Send to

Choose Destination
J Allergy Clin Immunol. 1994 Apr;93(4):735-42.

Factors contributing to the occurrence and predictability of bronchial hyperresponsiveness to methacholine in children.

Author information

Pulmonary Department, KH-Lainz, Vienna, Austria.


Using a stepwise logistic regression analysis, we investigated clinical data, allergologic findings, spirometric data, and the cellular and humoral immune system in order to gain new insights into the role these parameters play in bronchial hyperresponsiveness to methacholine in children and to create a model for the prediction thereof. Bronchial hyperresponsiveness, which was found in 124 of 462 children (26.8%), was observed to have been influenced by an increased level of eosinophils, the positivity of the skin prick test for any of the allergens tested, a decreased baseline forced expiratory volume in 1 second (FEV1) (percent predicted), a decreased maximum expiratory flow at 50% expiration as a percent of forced vital capacity, and a decreased level of kappa-chain-assembled immunoglobulins. Logit analysis disclosed that the influence of all other parameters on the occurrence of bronchial hyperresponsiveness was of no further statistical significance. The degree of bronchial hyperresponsiveness (provocative dose causing a 20% fall in FEV1) showed a statistically significant correlation with the eosinophil count (Spearman's r = -0.198) and FEV1 (percent predicted) (Spearman's r= 0.203). Our findings suggest that allergic sensitization and eosinophilic reaction in children are major factors in contributing to the occurrence of bronchial hyperresponsiveness to methacholine.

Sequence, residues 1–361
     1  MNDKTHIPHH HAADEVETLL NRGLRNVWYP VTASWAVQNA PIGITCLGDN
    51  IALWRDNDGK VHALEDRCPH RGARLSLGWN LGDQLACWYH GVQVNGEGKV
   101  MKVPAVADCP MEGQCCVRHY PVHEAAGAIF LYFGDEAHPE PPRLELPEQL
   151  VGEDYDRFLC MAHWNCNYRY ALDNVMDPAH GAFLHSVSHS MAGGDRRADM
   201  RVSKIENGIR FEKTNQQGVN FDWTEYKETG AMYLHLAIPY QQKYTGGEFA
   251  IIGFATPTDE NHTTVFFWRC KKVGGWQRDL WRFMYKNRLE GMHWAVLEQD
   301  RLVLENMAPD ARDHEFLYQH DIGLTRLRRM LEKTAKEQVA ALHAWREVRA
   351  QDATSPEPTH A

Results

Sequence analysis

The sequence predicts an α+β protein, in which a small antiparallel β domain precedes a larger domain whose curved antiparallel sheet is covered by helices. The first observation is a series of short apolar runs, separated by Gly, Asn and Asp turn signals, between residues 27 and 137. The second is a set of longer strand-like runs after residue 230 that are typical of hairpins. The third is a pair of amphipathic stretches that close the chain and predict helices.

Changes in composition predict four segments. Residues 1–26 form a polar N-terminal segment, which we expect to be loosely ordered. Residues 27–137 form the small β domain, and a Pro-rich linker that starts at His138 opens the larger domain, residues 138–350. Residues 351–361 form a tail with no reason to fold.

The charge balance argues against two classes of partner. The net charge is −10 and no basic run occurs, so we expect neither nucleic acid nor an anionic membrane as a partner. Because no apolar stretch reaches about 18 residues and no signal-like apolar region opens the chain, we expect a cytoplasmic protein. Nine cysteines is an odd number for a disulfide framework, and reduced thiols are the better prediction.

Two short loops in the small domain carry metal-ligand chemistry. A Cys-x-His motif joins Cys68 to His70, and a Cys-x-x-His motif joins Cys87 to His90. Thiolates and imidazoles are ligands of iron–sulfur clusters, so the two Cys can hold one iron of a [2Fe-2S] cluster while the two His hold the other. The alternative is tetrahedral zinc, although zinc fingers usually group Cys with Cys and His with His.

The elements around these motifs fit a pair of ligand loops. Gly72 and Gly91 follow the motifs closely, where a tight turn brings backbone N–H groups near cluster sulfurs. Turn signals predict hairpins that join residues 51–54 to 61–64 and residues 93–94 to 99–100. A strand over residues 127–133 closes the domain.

[Indexed for MEDLINE]

Supplemental Content

Full text links

Icon for Elsevier Science
Loading ...
Support Center